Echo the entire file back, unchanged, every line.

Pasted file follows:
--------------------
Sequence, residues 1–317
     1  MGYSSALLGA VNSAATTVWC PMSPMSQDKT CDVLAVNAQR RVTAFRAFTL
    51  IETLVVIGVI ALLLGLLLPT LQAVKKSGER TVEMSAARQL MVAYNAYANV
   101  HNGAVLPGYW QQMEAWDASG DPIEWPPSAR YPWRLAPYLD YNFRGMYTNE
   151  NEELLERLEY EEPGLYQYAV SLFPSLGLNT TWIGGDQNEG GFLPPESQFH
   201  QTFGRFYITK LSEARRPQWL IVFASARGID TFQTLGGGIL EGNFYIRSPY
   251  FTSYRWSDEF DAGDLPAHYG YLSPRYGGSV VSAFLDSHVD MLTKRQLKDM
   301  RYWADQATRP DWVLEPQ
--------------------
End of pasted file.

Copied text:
Sequence, residues 1–317
     1  MGYSSALLGA VNSAATTVWC PMSPMSQDKT CDVLAVNAQR RVTAFRAFTL
    51  IETLVVIGVI ALLLGLLLPT LQAVKKSGER TVEMSAARQL MVAYNAYANV
   101  HNGAVLPGYW QQMEAWDASG DPIEWPPSAR YPWRLAPYLD YNFRGMYTNE
   151  NEELLERLEY EEPGLYQYAV SLFPSLGLNT TWIGGDQNEG GFLPPESQFH
   201  QTFGRFYITK LSEARRPQWL IVFASARGID TFQTLGGGIL EGNFYIRSPY
   251  FTSYRWSDEF DAGDLPAHYG YLSPRYGGSV VSAFLDSHVD MLTKRQLKDM
   301  RYWADQATRP DWVLEPQ